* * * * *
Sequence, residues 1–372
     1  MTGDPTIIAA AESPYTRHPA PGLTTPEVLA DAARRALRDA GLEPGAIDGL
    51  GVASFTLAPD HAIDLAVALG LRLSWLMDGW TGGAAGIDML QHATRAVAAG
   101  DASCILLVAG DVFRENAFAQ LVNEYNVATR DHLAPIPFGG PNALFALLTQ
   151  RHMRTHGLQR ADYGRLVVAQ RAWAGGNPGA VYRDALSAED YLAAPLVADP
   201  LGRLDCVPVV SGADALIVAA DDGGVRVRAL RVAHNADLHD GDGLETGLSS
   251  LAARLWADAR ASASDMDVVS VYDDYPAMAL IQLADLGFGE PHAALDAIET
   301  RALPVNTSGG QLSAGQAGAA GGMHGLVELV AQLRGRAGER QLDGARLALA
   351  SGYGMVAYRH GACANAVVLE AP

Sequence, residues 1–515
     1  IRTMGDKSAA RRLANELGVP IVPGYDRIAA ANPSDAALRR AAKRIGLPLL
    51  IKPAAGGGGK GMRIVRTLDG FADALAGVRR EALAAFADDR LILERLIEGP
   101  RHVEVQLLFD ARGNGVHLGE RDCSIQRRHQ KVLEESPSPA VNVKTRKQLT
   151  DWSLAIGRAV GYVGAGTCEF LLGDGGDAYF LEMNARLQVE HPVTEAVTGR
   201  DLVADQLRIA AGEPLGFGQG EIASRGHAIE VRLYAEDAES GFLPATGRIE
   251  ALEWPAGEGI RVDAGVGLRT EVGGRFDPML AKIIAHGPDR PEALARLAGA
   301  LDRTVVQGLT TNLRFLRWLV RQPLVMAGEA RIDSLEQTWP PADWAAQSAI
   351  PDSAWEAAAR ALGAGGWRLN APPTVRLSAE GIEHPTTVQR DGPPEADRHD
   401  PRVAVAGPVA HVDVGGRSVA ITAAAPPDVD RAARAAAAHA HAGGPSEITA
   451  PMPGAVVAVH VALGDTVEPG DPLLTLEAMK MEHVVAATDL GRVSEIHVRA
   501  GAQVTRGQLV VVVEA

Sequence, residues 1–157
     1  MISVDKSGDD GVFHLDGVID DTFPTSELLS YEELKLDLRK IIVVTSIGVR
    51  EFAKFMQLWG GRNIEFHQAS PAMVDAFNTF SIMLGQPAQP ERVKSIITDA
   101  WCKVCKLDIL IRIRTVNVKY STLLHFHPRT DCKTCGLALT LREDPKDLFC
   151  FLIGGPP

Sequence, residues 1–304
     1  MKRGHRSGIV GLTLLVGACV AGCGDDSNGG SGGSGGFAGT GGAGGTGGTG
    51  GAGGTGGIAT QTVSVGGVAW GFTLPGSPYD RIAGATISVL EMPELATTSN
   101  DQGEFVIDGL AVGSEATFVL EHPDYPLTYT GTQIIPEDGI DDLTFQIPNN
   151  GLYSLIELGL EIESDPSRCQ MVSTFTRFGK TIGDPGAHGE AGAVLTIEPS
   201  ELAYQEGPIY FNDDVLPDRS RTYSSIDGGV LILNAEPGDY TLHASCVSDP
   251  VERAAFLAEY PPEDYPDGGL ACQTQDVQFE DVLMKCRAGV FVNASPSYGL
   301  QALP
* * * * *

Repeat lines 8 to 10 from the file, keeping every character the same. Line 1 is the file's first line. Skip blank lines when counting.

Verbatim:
   301  RALPVNTSGG QLSAGQAGAA GGMHGLVELV AQLRGRAGER QLDGARLALA
   351  SGYGMVAYRH GACANAVVLE AP

Sequence, residues 1–515